In 1999, the popular referendum in East Timor on independence from Indonesia led to massive violence, displacing many people internally in the area. In response, PWJ provided medical assistance as well as food, shelter materials, and daily commodities to those displaced in the capital Dili and Liquica District. In order to meet the needs of people at the time of their struggle, PWJ remained in East Timor and implemented various activities including housing projects and livelihood assistance. Since East Timor gained independence in 2002, PWJ has been providing technical support for coffee farmers and selling their products in Japan under a fair-trade system.
Afghanistan had already been ravaged by 20 years of civil war, when another conflict began in 2001, as a result of the 9-11 attack in the US. PWJ commenced its operations in the northern province of Sarepul, distributing tents and food. This was followed by development projects, including well construction, agricultural assistance, renovation of schools and roads, and income-generation for women. In order to address the chronic shortages of water, since 2003 PWJ has been conducting research on water resources in the basin of the Sarepul River. The data collected and analyzed are expected to provide vital information for planning effective and efficient land use in the region in the future. On a different front, recognizing the important role that can be played by local civil society in future social development in Afghanistan, PWJ is engaging in a program of the capacity building for Afghan NGOs.
By the time 26 years of civil war ended in 2009, more than 280,000 people had been internally displaced, most of them accommodated in camps in the northern part of the country but some in Trincomalee on the east coast, where few aid agencies were operative. PWJ started emergency distribution of food and water to internally-displaced people in a camp in Trincomalee. PWJ has since continued and expanded activities to support the repatriation of internally-displaced people, providing shelters and toilets and support for regenerating livelihoods, as well as renovating irrigation facilities, and conducting agricultural training, in the eastern and northern parts of the country.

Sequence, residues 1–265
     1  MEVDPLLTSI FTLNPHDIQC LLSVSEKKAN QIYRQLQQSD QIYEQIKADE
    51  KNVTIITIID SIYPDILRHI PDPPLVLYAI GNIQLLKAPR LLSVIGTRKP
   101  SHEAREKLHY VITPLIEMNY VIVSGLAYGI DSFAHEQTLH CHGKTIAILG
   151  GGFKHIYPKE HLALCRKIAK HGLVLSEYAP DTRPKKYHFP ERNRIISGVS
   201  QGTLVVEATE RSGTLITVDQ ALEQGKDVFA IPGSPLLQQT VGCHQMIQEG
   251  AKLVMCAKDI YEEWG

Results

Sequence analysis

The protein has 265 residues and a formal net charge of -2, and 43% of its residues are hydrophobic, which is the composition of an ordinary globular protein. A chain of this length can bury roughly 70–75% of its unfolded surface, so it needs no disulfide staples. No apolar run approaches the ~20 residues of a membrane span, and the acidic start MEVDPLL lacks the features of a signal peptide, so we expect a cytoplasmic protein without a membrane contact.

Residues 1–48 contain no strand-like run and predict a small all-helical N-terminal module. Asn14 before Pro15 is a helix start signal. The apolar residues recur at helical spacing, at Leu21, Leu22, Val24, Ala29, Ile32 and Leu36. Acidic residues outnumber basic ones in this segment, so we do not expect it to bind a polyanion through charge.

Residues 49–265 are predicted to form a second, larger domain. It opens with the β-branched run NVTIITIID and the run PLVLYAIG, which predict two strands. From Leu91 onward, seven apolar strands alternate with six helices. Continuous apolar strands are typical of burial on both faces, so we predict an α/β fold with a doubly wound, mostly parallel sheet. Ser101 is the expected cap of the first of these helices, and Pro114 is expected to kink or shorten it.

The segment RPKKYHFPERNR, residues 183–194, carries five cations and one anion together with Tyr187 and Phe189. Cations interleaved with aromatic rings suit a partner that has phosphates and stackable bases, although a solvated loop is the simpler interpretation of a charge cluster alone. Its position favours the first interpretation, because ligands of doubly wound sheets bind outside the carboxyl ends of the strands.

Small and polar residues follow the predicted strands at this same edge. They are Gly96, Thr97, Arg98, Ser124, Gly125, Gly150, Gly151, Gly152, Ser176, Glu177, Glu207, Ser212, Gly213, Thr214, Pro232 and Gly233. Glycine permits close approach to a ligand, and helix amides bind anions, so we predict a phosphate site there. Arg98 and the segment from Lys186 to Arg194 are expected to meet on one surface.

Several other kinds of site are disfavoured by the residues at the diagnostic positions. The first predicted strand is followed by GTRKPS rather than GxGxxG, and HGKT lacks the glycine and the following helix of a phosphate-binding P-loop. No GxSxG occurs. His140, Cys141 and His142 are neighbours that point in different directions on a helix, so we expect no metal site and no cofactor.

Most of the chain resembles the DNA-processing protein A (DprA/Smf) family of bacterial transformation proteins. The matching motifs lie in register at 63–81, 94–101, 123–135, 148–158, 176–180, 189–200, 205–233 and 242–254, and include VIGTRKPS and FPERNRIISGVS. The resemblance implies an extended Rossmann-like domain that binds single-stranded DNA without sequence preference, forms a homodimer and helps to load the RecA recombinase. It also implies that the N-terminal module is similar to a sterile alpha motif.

PWJ’s operations in Mongolia started as emergency assistance in support of victims of grassfires in 1996. This gave the organization an insight into various social challenges Mongolia was facing. Since the following year, assistance has been provided to orphans and street children first by directly operating a refuge and presently through support to a private social welfare institution, “Vervist Care Center,” where children can receive education and vocational training.
In addition to the long-term relief and reconstruction operations, PWJ also responds to natural disasters and provides short-term emergency relief. Some examples in recent years are: the earthquake in Turkey (2011), the floods in Thailand (2011), the typhoons in the Philippines (2012,2013), the food security crisis in Niger (2012), and the earthquake in China (2013).
In the wake of the Tohoku earthquake and tsunami of March 2011, PWJ immediately started distributing 160 tonnes of foods, blankets, stoves, hygiene, and other goods to the population affected by this disaster of unprecedented magnitude. This emergency relief has been followed by longer-term recovery assistance for livelihoods and local industries, social welfare services to children, and disaster preparedness workshops for local municipalities.
As an emergency relief organization, PWJ has accumulated experience of rapid response to disasters. To take advantage of this, PWJ decided to further strengthen its initial response capacities by establishing a search and rescue team to save the lives of people trapped in rubble, in addition to distributing emergency relief items. Rescue personnel and dogs are being trained at the PWJ Rescue Dog Training Center opened in Jinsekikogen-cho, Hiroshima Prefecture, in 2011. At the same venue, PWJ also engages in activities to rescue and adopt dogs.